Anne Katrine de Hemmer Gudme also spoke on a theme connected to the Jerusalem Temple, looking into the links between it and the temple on Mount Gerizim. Other talks based on the subject of Qumran were given by David Hamidovic and Jamal-Dominique Hopkins, while Benedikt Eckhardt dealt with: “The Yahad, Temple Ideology and Graeco-Roman Voluntary Associations”. The Temple at Elephantine was the subject of papers by Gard Granerod and Stephen Germany, while the theme of Egypt was also pursued by Andrew Krause in his: “Diaspora synagogues, Leontopolis, and the Other Jewish Temples of Egypt”. Meron Piotrkowski discussed Onias’ Temple.
The Gospel of Mark and the Epistle to Barnabas were the subjects of Clement William Grene and Douglas Estes respectively. Naphtali Meshel set up an interesting model for sacrificial language. Tyson Putthoff spoke on “The Edible Shekhinah: Temple, Vision and Transformation in Bavli Sotah 49a”. Members of the Hekhal committee also gave papers, Lidia Matassa examining the identification of a synagogue at Jericho, Jason McCann, “Imagining the Temple” and Jason Silverman suggesting that the renewal of the Jerusalem cult in the Persian period may have had ritual connections with Iran. Most encouragingly, there was still quite an audience for the last speaker, William Hamblin, whose subject “The Temple in the Qur’an”, brought us forward five hundred years from the destruction of the Temple, but showed its enduring spiritual significance.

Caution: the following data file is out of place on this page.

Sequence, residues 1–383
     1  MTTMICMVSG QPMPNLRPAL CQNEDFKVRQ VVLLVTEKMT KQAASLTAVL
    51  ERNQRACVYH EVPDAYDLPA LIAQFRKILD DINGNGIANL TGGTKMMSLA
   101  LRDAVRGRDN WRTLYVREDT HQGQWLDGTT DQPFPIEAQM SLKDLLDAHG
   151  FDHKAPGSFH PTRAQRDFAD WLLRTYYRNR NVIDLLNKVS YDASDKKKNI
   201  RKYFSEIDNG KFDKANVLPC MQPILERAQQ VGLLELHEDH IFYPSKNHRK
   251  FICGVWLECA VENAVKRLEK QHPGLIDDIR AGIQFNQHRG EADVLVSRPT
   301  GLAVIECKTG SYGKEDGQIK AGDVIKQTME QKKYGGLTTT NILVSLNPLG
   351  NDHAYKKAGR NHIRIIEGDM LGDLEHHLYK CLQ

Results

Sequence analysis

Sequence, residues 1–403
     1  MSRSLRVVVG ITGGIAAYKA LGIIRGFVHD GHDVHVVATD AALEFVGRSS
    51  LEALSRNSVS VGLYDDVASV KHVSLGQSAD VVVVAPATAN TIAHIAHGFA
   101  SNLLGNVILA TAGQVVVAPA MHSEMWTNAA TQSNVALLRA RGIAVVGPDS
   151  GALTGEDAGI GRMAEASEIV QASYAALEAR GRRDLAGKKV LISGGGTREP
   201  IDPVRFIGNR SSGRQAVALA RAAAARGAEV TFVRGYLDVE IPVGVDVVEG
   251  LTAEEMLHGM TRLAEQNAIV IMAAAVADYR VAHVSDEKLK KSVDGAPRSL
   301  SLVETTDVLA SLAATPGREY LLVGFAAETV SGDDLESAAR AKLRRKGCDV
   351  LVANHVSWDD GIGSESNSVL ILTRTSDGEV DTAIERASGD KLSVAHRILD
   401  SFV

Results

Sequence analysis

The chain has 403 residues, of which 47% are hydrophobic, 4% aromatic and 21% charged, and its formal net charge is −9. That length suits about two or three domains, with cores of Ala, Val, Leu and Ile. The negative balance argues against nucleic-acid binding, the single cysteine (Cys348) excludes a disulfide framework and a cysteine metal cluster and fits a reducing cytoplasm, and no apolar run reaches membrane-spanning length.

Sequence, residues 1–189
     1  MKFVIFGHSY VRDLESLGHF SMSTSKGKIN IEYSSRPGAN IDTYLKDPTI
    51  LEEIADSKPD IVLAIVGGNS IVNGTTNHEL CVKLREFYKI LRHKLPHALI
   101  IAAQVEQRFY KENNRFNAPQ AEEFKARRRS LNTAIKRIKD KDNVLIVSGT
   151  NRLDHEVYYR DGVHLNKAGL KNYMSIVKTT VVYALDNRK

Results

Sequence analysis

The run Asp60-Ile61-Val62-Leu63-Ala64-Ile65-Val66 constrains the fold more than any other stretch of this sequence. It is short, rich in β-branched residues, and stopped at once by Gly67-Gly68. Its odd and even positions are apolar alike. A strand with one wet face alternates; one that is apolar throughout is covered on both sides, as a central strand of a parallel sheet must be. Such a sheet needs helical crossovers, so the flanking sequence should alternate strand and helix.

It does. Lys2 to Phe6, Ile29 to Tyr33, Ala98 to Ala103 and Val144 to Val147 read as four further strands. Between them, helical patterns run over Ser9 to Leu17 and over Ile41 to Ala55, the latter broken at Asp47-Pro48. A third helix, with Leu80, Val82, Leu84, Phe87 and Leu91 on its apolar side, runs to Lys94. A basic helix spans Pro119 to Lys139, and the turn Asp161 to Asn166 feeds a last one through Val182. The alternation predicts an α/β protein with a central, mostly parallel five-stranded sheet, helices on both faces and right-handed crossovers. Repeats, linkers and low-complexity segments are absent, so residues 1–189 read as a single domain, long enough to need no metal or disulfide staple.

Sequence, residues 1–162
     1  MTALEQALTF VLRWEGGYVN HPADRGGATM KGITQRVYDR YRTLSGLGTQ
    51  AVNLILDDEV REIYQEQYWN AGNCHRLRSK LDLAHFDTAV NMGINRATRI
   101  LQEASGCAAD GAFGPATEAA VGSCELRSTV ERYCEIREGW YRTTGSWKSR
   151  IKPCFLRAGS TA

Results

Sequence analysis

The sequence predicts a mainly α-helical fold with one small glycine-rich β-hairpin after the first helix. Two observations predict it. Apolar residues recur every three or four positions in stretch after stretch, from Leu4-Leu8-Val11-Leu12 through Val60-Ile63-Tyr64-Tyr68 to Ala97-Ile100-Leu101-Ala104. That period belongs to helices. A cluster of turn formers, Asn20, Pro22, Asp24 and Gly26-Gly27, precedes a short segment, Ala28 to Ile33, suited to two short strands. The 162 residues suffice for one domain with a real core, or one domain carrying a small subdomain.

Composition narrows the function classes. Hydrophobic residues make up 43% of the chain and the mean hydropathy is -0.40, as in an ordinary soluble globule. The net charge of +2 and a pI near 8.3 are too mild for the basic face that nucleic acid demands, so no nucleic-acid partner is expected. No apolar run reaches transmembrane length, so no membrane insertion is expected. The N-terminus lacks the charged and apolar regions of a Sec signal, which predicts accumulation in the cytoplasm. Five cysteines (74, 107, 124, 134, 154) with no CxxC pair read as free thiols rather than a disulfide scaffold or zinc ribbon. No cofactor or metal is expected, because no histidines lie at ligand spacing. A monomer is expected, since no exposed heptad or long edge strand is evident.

The most popular site among attendees to visit in Dublin appeared to be the Chester Beatty Library, where biblical papyri dating from the second to the fourth century proved a great lure.
After the conference, speakers went their various ways, with most of them promising to submit their papers for publication in the conference proceedings. Another Hekhal conference is planned for 2013.